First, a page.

Almost everything about being a composer of music for television is a gamble, except getting paid. That's two gambles.
When it comes to getting paid for your work as a media composer, the only real question you have to ask yourself is "Do I take it in the front or risk it round the back?”
The front‑end of the job is the commission or fee the client pays you to actually do the work. This is an incredibly tricky thing to try to judge: after all, it's not like cutting a length of pipe. How do you put a price on a piece of music? Should you charge by how long it takes you to do? Or how good the end product sounds? Or how much money you think the client thinks it should cost? If you can find a foolproof equation that is both fair and profitable I'd love to hear it, because this bit of the job is as close to blind guesswork as wondering when you're next going to see OS X's spinning beach‑ball of death.
But at least the blind guesswork here is something you can quantify approximately, compared to the back end — which is both out of your hands and terrifyingly arbitrary. As a composer you have the right to collect performance royalties on your work. But as these are paid by the minute (according to wildly differing, ever‑changing rates depending on the time of day, the broadcaster and the country) the amount you could earn from, say, a 30‑second theme tune is entirely dependent on how successful the show is or, more specifically, how often it's on, when and where.
Not unreasonably, the prospect of working on a potential prime‑time TV project that needs lots of music might well cause you to drop the commissioning price, but it's a gamble, because TV is extremely trend‑ and ratings‑driven. It's not unusual for completed shows, and indeed entire series, to be sold off to smaller satellite stations where the per‑minute rate might be 50 times less than for a terrestrial station, or even dropped completely and never see the light of day if, for whatever reason, they can't find a place in the schedule for it. If this happens, all your dreams of the precious back‑end performance royalties evaporate and you will have essentially been working for nothing.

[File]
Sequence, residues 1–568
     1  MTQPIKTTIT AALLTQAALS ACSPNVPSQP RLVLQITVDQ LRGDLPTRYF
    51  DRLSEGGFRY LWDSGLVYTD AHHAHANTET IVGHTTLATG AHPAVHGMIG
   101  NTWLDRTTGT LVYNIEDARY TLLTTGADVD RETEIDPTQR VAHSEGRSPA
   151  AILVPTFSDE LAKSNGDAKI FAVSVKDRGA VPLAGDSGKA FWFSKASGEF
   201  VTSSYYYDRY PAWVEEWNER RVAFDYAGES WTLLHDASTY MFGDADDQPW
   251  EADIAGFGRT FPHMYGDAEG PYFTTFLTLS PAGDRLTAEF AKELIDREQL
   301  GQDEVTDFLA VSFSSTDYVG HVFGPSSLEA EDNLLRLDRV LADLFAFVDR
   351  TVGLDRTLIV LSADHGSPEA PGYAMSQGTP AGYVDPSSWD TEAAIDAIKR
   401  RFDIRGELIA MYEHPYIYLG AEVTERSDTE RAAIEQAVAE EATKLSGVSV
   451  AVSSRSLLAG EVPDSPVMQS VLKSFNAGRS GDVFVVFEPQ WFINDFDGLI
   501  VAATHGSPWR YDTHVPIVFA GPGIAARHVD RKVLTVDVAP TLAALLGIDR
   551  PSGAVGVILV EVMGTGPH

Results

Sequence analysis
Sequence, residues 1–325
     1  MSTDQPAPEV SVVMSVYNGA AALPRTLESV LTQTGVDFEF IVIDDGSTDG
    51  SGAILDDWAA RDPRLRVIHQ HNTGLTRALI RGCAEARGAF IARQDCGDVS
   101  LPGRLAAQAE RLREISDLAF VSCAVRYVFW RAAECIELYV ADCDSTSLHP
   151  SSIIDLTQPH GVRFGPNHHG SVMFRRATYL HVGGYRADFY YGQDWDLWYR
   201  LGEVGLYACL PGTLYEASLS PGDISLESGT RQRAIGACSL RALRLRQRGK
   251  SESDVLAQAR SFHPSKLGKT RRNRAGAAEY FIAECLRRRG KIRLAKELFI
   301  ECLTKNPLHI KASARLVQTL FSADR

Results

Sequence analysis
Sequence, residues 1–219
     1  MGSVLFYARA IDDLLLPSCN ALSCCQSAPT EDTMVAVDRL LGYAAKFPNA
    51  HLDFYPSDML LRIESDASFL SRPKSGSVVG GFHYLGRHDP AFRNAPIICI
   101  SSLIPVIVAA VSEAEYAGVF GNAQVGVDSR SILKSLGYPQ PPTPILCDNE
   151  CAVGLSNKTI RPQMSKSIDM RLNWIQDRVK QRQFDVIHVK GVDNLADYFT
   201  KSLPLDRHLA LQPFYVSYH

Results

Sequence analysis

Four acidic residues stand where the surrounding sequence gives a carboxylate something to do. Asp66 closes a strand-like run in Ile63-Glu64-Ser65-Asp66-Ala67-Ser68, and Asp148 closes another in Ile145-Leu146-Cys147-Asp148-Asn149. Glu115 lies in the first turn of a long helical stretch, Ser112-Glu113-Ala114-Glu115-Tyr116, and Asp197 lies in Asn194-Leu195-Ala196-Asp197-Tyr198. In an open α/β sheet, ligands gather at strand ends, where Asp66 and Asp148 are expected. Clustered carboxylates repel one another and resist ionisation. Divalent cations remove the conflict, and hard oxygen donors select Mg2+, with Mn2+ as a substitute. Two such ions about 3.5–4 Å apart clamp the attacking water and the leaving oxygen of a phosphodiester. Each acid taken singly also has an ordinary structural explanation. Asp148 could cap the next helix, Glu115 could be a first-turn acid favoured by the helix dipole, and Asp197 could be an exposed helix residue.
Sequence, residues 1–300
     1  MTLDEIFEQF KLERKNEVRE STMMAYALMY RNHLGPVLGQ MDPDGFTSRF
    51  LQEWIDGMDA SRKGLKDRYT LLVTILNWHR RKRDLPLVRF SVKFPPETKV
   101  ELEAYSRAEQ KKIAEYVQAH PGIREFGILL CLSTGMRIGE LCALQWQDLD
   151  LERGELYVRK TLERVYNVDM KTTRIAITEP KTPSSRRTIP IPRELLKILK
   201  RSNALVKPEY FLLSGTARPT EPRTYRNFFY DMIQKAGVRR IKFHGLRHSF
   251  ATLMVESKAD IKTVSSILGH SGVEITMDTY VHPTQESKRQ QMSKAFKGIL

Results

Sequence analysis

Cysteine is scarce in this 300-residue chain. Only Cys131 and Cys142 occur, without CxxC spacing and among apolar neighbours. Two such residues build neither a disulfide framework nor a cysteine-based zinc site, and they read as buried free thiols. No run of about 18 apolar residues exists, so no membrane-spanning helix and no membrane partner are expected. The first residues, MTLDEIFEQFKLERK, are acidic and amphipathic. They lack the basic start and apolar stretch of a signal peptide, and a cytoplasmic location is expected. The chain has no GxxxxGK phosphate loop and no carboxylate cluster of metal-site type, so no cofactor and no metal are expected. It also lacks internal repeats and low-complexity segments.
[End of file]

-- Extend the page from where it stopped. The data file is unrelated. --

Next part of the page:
The upside of the back end (indeed the miracle of music copyright itself) is, of course, that if you are lucky enough to have a portfolio of works out there, it can be earning money while you sleep. I get about £20 a year simply because every so often The Weakest Link is on the TV in the background of the pub in Eastenders for a moment or two, and as I write, someone is watching every single football match broadcast on UK TV this week with a stopwatch, making notes of how much of which songs the crowds are chanting, to make sure the composers get paid.
If you haven't already worked it out yet, this isn't the kind of career for the faint‑hearted or those looking for a regular, safe income. But don't worry — if you can just make it past those first tricky 15 or 20 years, it does start to even out a bit.